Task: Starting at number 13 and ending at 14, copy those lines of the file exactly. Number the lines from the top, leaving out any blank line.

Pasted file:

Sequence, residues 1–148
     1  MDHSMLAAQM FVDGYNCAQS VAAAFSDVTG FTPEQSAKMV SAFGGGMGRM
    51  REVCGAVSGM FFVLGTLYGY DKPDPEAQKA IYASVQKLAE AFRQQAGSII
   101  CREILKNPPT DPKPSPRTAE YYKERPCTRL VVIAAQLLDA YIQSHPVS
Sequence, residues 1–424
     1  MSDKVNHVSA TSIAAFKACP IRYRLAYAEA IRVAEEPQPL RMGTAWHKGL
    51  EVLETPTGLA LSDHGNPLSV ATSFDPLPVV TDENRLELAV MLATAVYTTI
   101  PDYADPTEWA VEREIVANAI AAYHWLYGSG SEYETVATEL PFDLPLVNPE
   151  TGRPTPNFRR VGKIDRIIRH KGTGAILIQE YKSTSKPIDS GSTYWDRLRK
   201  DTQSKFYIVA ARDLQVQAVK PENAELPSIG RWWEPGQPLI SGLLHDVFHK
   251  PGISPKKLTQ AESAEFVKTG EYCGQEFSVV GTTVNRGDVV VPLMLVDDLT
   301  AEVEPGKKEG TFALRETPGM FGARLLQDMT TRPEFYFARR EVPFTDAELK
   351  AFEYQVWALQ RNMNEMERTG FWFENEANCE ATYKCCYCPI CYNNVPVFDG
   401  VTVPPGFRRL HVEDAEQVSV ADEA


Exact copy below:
   351  AFEYQVWALQ RNMNEMERTG FWFENEANCE ATYKCCYCPI CYNNVPVFDG
   401  VTVPPGFRRL HVEDAEQVSV ADEA